Furthermore, the books and articles I have read on this suggest they are approached with a strong bias against sleep deprivation. In other words, the people attracted to this field begin with a dislike and disapproval of it, and are surprisingly not careful in the arguments they put together, like the silly correlation argument above.
In my opinion, these writers clearly don’t understand how sleep deprivation works for people who actually practice it. For example, in “Sleep Thieves”, author Stanley Coren argues that people really should get 9.5 to 10 hours of sleep a day. A significant chunk of the book is dedicated to a sleep deprivation experiment he conducted on himself. We get blow-by-blow accounts of his efforts to systematically reduce the amount of sleep he allowed himself, which (at levels well below what many bankers and lawyers are accustomed to) was increasingly difficult for him to maintain and increasingly had his life is disarray. So, he abandoned the experiment. If I remember right, his conclusion was that although you’re awake more, the quality of your awake time is degraded. I think this is true to a marginal extent, but I think he completely fails to understand how many people have accustomed themselves to it.
I would posit that anyone who actually lives on very little sleep knows that Coren’s experiment is flawed. Getting little sleep is basically something that take practice, and in my experience needs to be driven by an intense desire to stay awake for something else. I don’t think I would be able to stay awake long solely for the sake of staying awake, you have to be driven, whether it’s to finish the book you’re riveted by or whatever else. We’ve all had the experience of being exhausted, virtually unable to keep our eyes open, and then something happens that scares us or gets our attention — the late night email from a client that you screwed up, for example. Suddenly, you’re wide awake. Similarly, when you’re excited to be accomplishing or experiencing something, you look at your watch and realize it’s much later than you thought, which is odd because you don’t feel tired even though you know you should be. It seems to me that learning to focus on things/activities that keep you motivated are the key factors to sleep deprivation, and ultimately that’s something that you have to practice and learn. But once you do learn it, it is a very live-able and productive lifestyle.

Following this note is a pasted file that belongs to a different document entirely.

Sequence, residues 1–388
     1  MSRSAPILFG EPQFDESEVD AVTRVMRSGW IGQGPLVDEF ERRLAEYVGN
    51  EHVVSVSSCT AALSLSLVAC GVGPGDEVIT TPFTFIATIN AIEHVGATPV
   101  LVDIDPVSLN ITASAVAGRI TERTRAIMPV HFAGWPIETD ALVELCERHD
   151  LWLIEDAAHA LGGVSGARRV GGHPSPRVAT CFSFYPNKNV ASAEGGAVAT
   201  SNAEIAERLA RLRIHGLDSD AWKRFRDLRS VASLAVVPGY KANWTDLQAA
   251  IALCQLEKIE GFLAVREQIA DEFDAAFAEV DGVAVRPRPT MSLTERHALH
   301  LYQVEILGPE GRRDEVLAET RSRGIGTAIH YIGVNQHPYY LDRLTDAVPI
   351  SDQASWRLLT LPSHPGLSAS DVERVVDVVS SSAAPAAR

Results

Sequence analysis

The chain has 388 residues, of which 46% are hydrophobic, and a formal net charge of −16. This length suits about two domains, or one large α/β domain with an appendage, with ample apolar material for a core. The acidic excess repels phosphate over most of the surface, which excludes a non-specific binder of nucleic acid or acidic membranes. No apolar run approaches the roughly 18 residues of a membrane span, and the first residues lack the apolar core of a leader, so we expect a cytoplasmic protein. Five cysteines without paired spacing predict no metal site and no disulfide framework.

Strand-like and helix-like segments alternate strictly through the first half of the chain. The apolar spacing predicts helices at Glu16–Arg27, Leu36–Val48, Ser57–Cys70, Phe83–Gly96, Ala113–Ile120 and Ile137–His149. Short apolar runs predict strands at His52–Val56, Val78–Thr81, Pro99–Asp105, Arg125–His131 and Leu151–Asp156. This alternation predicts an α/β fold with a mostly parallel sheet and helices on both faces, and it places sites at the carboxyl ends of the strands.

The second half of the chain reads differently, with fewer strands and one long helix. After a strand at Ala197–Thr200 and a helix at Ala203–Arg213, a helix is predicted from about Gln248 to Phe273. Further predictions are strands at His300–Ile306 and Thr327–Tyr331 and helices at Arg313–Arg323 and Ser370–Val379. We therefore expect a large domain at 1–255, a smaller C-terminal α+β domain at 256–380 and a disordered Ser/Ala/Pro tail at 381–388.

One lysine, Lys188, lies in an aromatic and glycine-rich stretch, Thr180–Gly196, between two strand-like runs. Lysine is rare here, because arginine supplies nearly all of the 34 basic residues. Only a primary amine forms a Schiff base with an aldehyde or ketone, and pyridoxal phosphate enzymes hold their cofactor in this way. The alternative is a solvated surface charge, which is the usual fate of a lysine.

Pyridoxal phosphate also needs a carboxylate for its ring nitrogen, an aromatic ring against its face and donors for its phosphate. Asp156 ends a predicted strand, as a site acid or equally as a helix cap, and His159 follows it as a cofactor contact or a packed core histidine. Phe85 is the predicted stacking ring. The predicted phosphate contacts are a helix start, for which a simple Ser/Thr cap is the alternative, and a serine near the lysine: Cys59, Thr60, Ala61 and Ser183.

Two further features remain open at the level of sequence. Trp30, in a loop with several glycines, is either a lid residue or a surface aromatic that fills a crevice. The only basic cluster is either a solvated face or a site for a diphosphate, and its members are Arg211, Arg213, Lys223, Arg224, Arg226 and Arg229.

In any case, I could go on for hours, but in short, nothing I’ve read has made me nervous about the sleep habits I do have, which average about 4.5 to 5.5 hours a night during the week, and a wider ranger on weekends that probably averages about to about 6.5, maybe 7 hours, while periodically just skipping a night of sleep. Maybe there’s an argument to be had out there that this should make me scared for my health, but I haven’t heard a credible one yet.
“In any case, I could go on for hours…”
Ha, ha, ha, I think you already have !
You may be one of those unique people who can function on little sleep, but generally speaking, sleep is very important to one’s health. It especially affects your body’s metabolism.